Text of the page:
After 24 hours of misoprostol intake proper examination was done to all cases to evaluate the result of misoprostol use. if there is no vaginal bleeding, and uterus is empty by trans-vaginal U/S the patient then discharged and followed-up after one week.

Drug-related data were recorded as follows: Number of misoprostol tablets used till complete evacuation has occurred; Duration of time till complete evacuation has occurred and Side-effects of misoprostol.

All data were analyzed statistically using Chi-square test to determine if statistically significant difference is present between the patients and the incidence of complications. Mann-Whitney U test was used to determine whether there was any statistically significant difference in parity and gravidity between the groups. The level of significance was <0.05.

RESULTS

There was no statistically significant difference in the background characteristics between the two groups (Table 1). In rectal group, complete evacuation with no need for D & C occurred in 33 patients (66%) and 17 patients (34%) failed and D & C was done to evacuate the contents completely. The failed cases were due to: Two cases showed an attack of severe vaginal bleeding after about 1-3 hours misoprostol intake.

Table 2. Factors affecting misoprostol response in rectal and oral groups

Rectal group

Oral group

 

 

 

 

Failed cases with incomplete evacuation

Succeeded cases with complete evacuation

Failed cases with incomplete evacuation

Succeeded cases with complete evacuation

 

 

 

 

 

Maternal age (Y)

24.5 ± 5.4

24.3 ± 5.5

24.7 ± 5.2

24.4 ± 5.3

Weight (Kg)

66.5 ± 12.1

66.4 ± 12.2

66.3 ± 12.2

66.4 ± 12.1

Parity

3.8 ± 2.1

3.7 ± 1.9

3.7 ± 2.3

3.6 ± 2.2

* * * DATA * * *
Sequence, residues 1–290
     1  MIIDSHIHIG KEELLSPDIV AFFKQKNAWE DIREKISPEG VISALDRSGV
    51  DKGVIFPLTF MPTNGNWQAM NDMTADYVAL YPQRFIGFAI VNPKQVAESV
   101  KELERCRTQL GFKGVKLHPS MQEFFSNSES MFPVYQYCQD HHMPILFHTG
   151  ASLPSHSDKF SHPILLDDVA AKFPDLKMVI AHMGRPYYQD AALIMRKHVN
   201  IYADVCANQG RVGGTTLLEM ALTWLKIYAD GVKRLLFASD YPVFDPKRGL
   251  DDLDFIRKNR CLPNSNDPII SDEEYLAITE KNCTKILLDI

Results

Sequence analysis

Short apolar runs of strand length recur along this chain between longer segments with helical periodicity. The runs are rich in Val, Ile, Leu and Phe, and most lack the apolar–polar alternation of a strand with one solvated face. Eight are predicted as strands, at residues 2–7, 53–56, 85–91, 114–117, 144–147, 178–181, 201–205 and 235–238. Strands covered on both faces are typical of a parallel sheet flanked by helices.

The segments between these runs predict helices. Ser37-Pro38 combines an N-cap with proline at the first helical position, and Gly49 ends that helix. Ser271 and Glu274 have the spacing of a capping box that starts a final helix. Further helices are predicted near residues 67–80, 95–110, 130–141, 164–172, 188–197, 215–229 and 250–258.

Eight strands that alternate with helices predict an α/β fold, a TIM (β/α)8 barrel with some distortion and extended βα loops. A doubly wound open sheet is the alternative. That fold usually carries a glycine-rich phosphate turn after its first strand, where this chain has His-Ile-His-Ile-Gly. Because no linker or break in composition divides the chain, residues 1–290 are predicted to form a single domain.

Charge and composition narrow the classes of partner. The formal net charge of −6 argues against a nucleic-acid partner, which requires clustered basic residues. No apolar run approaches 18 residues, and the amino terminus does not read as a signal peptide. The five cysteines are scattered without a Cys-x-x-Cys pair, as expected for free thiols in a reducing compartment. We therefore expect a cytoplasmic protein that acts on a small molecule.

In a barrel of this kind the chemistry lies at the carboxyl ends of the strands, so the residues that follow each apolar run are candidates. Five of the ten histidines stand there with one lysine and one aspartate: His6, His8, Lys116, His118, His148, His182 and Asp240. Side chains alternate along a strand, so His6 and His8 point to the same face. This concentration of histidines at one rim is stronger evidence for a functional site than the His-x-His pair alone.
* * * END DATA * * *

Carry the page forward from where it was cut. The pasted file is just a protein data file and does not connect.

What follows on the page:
Gestational age (wks)

9.5 ± 2.1

7.1 ± 1.6*

9.7 ± 2.4

7.1 ± 1.8*

Uterine size (preg.wks)

9.4 ± 1.8

7.2 ± 0.6*

9.6 ± 1.7

7.2 ± 0.7*

Table 3. Comparison between the rate of complications in rectal group and oral group.

Complication

rectal

No = 50

oral

No = 50

P-value

Sign

 

 

 

 

 

Nausea

24 (48%)

28(56%)

0.300

N.S

Vomiting

7 (14%)

9 (18%)

0.585

N.S

Diarrhea

3 (6%)

4 (8%)

0.695

N.S

Breast Tenderness

7 (14%)

6 (12%)

0.766

N.S

Abdominal Colic

43 (86%)

42 (84%)

0.779

N.S

Fatigue

9 (18%)

11 (22%)

0.617

N.S

Headache

10 (20%)

12 (24%)

0.629

N.S

Sever bleeding

2 (4%)

3 (6%)

0.674

N.S

This bleeding caused marked hypotension, so an urgent D & C was done to stop the bleeding. 14 patients showed remnants of conception after 24 hours of treatment that was diagnosed by vaginal sonar and clinically by unchanged uterine size and persistent vaginal bleeding, so D & C was done to evacuate the contents completely. One patient refused to complete the treatment so D & C was done.

In the oral group, the number of cases with complete evacuation by misoprostol was 31 patients (62%) with failure of about 19 cases (38%). These were: 3 cases showed an attack of severe vaginal bleeding after 2 – 4 tablets misoprostol intake. The bleeding caused hypotension and urgent D & C was done to stop the bleeding. 16 patients showed remnants of conception after 24 hours of the treatment, so D and C also was done to evacuate the remnants completely.

It was found that after one tablet (200 ug) only 2 patients in rectal group and one patient in oral group showed complete evacuation. After 2 tablets 9 patients in rectal group and 7 patients in oral group showed complete evacuation. After 3 tablets 22 patients in rectal group and 22 in oral group showed complete evacuation.

The factors affecting misoprostol response in rectal and oral groups are shown in table (2). The side effects developing during intake of misoprostol orally and rectally are shown in table (3).

DISCUSSION

In many parts of the world there is a strong preference among gynecologists to rely on surgical evacuation for the management of incomplete abortion. Why so many specialists have adopted surgery as the standard procedure seems determined by custom and rooted in history rather than being an evidence-based choice.

The present study showed that the use of misoprostol was associated with success rate up to 66% in the rectal group compared to 62% in the oral group. This matches well with the result of other investigators (8) who used misoprostol 200 ug/4hs rectally for a maximum 4 doses in treatment of incomplete abortion and the success rate was 60%. Also the success rate in our study was similar to (9) in which oral misoprostol was used in a dose of 400 ug every 4 hours up to a total dose of 1200 ug with a success rate of 65 – 75%.